New NC Appellate Case: Executive Office Park of Durham Association, Inc. v Rock (Older Condo Collections)

NOTE: The case that is the subject of this blog was reversed by the NC Supreme Court in November 2022. See New NC Supreme Court Case: Applicability of Condominium Act Foreclosure Rights to Pre-1986 Condominiums.

Today, Tuesday, May 18, 2021, the NC Court of Appeals issued its decision in Executive Office Park of Durham Association, Inc. v. Rock.  The decision may impact collections in older condominiums, and is a “published” decision. That means the decision is controlling legal authority and can be cited in other cases.

In this case, an older condominium association (meaning the association was not fully subject to the NC Condominium Act) was attempting to collect disputed and unpaid assessments, fines, interest, and fees from an owner of several units within the condominium.  The association followed the collections provisions of the NC Condominium Act, which are retroactive to older associations, and filed a claim of lien for the unpaid amounts. The association then filed a standard non-judicial foreclosure action before the Clerk of Court (and not a lawsuit seeking judicial foreclosure). The Clerk of Court granted the non-judicial foreclosure, as did a Superior Court Judge on appeal. 

However, the NC Court of Appeals found that the association, due to its age, could not utilize the non-judicial procedures of the NC Condominium Act to collect unpaid assessments, because the association was created by the filing of a Declaration in 1982 prior to the enactment of the NC Condominium Act.  The Declaration of Condominium stated that the association was governed by the older Unit Ownership Act (NCGS 47A), and neither the Declaration for this association nor the Unit Ownership Act has language authorizing non-judicial foreclosure for assessments.  Accordingly, the Court of Appeals found that the association’s non-judicial foreclosure was inappropriate.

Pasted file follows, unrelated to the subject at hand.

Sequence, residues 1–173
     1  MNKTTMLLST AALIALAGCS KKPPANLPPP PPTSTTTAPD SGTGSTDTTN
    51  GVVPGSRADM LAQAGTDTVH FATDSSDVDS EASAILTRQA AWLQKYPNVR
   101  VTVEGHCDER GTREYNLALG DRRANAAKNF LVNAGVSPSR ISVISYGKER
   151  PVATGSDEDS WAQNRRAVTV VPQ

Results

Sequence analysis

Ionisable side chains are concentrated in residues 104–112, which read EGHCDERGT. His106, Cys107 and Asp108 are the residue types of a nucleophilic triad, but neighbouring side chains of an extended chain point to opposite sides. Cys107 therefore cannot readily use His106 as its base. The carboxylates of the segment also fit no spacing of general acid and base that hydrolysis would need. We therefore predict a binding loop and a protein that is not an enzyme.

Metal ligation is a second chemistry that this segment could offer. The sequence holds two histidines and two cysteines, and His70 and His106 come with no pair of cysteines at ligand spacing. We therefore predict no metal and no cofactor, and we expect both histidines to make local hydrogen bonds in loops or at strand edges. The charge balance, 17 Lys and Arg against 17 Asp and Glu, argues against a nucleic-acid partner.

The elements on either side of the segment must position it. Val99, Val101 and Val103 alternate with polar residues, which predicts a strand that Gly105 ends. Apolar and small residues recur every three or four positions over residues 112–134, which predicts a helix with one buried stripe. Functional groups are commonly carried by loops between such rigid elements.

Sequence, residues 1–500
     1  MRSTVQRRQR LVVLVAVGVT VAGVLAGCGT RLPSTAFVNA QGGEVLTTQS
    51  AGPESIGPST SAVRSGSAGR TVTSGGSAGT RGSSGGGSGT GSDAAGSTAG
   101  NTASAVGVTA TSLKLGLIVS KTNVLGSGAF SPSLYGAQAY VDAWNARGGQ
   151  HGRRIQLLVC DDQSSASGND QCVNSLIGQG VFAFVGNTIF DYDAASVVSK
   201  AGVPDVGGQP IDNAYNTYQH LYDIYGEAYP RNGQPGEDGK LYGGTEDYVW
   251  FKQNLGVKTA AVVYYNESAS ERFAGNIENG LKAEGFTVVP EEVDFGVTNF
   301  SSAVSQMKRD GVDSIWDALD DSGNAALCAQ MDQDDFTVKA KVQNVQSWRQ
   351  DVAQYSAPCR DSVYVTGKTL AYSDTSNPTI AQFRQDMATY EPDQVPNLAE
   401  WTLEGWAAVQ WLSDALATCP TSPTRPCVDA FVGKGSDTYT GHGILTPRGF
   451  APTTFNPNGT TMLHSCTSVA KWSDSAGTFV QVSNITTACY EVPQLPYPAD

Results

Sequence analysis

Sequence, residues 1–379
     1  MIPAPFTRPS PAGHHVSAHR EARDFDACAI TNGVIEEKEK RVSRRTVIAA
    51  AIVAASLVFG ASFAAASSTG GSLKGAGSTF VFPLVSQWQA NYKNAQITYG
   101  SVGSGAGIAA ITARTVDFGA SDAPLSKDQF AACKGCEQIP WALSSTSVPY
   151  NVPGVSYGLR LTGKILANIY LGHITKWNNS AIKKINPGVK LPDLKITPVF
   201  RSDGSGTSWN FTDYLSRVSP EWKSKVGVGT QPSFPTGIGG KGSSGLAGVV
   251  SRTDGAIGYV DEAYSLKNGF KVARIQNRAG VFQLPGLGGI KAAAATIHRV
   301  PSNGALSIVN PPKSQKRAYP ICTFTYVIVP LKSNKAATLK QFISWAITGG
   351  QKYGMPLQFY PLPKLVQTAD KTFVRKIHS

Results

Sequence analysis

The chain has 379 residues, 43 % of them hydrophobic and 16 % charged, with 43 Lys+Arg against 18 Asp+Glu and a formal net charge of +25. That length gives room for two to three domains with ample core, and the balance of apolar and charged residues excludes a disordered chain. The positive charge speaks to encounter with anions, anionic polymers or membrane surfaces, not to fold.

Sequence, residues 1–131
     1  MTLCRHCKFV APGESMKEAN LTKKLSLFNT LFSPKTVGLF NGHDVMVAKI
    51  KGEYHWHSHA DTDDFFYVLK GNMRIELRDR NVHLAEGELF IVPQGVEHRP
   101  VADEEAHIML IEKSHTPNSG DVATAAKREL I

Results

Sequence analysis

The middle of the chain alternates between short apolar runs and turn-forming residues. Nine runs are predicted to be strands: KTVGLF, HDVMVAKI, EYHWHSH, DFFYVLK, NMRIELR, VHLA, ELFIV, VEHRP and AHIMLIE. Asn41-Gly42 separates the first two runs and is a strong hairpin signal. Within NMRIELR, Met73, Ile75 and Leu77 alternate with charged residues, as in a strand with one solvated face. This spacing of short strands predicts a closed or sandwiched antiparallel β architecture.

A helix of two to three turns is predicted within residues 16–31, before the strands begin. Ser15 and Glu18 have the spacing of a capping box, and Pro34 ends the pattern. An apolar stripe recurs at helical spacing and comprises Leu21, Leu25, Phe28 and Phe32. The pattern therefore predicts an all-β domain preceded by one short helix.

The Court of Appeals’ decision suggests that if the Declaration had been worded differently, the case likely would have been decided differently. This decision creates some concern regarding the ability of older condominiums (those created prior to October 1, 1986) to utilize the assessment collection powers granted by the NC Condominium Act in all cases. Older condominium may want to verify with an experienced community association attorney that they are able to purse collections under the NC Condominium Act.

TAKEAWAY: The collection authority of an older condominium association may depend on the specific language of the governing documents.

The full decision can be found at:

If you have questions about this or any other real estate or community association issue, please contact a Law Firm Carolinas attorney at any of our five offices for assistance.

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